It is no accident that the National Plan refers to Whole ClassEnsemble Tuition instead of Whole ClassInstrumental Tuition. The intention is that young people learn in a realistic musical environment. If the whole class is approached as an ensemble, with smaller group ‘sectional’ rehearsals, all aimed at supporting a musical experience that has integrity, the outcome is more musical, relevant and valuable. With differentiated material and creatively constructed timetables, individual needs can also be met, whether for remedial purposes or for stretching the talented student. Young people learn music through playing an instrument and singing together with others: listening, performing, composing, improvising and evaluating. Regular input from a professional ‘musician/educator’ with both musical and educational expertise ‘augments’ and ‘supports’ the work that is the school’s responsibility.
Most effective practice involves class teachers learning alongside children, back up sessions during the week, led by class teachers and/or students and regular performances to each other, the school and the local community. The experience also acts as valuable CPD for the class teacher as well as for the ‘musician/educator’. There is coherence between in and out of school provision, between input by class teachers, musician/educators, and professional musicians.
Again, Ofsted reported of the Sistema inspired ‘In Harmony’ programme3 in Liverpool:
The quality of music teaching enjoyed by pupils in group lessons is outstanding. The consistency of approach, founded on strong principles that draw on a range of pedagogical and musical approaches, is commendable. Every opportunity is taken to immerse pupils in musical language, and not a minute is wasted. The ‘In Harmony’ teachers are excellent musicians and their expert modelling sets the standard for the technical and musical quality that pupils are expected to match. At the same time, tasks are sequenced thoughtfully and musically so that pupils are able to master new ideas in small steps. Pupils of all ages contribute creatively by suggesting ways to improve their work and by inventing new melodic and rhythmic patterns to perform4.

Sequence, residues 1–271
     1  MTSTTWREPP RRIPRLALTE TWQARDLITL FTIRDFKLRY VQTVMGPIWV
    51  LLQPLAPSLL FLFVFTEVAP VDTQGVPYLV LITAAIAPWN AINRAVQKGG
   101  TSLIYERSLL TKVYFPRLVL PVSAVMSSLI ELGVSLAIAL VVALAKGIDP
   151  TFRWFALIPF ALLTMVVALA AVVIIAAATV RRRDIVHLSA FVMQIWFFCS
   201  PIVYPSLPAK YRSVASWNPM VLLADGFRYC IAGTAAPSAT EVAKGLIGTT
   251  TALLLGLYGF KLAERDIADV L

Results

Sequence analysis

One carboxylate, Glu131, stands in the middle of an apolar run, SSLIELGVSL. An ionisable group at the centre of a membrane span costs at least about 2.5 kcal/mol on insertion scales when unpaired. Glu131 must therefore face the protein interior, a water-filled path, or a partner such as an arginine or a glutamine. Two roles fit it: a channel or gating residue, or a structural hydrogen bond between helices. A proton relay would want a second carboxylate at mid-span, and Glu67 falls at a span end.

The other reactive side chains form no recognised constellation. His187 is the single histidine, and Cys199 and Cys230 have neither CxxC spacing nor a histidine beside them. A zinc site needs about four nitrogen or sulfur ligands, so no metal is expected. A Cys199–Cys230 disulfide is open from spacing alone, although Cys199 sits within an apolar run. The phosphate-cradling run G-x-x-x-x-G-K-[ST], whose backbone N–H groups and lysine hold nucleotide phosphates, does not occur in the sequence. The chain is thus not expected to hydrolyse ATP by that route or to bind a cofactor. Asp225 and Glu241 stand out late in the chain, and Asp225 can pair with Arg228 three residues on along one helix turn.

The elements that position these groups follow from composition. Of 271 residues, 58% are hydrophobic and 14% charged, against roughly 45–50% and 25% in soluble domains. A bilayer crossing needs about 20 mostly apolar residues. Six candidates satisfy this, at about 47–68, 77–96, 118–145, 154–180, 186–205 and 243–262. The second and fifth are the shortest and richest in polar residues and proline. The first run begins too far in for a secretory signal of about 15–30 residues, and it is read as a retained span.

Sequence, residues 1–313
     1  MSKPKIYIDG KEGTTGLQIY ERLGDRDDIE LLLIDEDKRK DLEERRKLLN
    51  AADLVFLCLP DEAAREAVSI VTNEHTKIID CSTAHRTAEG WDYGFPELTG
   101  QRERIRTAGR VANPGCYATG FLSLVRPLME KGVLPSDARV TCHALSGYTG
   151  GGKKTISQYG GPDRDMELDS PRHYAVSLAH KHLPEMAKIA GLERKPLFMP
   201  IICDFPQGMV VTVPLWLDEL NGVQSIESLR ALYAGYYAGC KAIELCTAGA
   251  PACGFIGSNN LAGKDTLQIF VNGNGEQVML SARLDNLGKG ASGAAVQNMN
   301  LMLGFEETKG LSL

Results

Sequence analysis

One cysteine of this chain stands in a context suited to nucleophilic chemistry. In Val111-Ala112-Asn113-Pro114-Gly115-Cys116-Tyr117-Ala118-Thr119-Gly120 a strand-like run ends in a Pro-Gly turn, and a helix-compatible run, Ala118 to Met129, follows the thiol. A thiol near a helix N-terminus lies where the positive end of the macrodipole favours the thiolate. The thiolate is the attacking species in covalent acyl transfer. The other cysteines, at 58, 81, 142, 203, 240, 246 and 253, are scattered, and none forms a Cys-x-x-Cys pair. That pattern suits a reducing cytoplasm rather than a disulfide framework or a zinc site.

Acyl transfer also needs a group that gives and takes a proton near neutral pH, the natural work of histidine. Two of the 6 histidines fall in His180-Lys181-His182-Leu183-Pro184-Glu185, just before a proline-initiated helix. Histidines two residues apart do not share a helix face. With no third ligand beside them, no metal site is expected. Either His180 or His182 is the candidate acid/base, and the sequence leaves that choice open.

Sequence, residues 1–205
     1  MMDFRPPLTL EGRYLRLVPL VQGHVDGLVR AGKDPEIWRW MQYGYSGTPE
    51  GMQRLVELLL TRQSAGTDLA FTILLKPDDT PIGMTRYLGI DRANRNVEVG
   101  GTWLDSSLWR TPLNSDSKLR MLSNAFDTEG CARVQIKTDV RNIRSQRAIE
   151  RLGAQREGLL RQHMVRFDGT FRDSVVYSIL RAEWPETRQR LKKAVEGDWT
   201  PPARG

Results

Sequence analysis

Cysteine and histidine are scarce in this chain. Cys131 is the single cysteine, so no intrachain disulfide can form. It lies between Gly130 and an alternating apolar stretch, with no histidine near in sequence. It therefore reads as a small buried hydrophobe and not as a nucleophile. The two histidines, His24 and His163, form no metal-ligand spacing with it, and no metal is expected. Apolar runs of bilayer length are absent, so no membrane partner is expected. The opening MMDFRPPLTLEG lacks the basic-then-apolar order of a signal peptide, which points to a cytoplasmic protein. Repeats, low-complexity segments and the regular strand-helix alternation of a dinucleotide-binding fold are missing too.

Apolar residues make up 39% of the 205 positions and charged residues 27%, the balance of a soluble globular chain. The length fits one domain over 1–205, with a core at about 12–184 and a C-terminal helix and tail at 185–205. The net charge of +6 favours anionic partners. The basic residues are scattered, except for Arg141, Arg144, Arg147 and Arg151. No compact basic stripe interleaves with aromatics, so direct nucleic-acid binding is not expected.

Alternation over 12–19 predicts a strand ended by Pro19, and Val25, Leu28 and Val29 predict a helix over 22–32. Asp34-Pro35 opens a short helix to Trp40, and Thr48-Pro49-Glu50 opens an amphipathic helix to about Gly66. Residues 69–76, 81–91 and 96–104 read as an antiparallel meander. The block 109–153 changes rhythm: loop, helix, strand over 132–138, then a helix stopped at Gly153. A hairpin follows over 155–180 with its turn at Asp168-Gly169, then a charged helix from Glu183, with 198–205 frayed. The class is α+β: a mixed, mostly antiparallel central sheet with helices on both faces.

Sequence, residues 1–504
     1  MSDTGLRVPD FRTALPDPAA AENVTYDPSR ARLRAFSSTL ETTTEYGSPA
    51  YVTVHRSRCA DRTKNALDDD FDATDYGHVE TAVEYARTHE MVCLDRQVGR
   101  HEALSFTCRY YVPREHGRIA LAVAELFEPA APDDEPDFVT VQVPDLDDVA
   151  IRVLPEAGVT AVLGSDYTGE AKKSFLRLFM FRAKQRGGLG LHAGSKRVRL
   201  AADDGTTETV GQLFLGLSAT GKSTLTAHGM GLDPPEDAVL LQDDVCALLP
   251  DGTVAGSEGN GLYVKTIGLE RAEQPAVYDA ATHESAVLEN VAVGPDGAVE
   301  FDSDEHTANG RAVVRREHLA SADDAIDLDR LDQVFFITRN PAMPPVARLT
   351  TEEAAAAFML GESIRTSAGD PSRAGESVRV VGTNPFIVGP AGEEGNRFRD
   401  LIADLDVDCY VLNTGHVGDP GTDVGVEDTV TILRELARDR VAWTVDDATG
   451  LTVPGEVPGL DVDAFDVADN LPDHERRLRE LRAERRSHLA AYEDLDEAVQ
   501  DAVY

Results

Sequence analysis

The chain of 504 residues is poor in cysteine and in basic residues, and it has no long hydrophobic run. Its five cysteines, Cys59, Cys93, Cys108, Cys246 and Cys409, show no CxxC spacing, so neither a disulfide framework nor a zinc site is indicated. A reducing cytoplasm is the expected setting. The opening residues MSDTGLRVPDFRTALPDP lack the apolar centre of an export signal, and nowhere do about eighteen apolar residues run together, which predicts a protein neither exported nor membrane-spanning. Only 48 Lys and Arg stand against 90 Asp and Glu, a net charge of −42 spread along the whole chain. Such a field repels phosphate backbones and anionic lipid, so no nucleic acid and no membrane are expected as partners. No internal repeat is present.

Last week I was privileged to see El Sistema in action together with representatives from Sistema inspired projects in England5. I learned more about what we can adopt and adapt to an English context. Watch this space for further thoughts.
These four short papers have only scratched the surface of the massively complex issue of what is high quality music education to which we all aspire. My main purpose has been to raise questions, challenge some accepted norms and to argue for responsibility, accountability and for high quality. My experience to date has led me to the conclusion that there can be confusion over the arts in education and education in the arts. Both are valid and both are necessary for education, society and for the economy. But they are not the same and we would be the poorer if we had to settle for one without the other.
Over time (by 2020?) a high quality music education could be available for all young people. Whether we achieve this starts with the decisions each and every one of us takes now.
1NPME page 26
2Ten Characteristics of Good and Outstanding Music Provision in Primary School
3NPME paragraphs 47 to 49
5Made possible by the charity IHSE www.ihse.org.uk
ISM President-Elect and music education consultant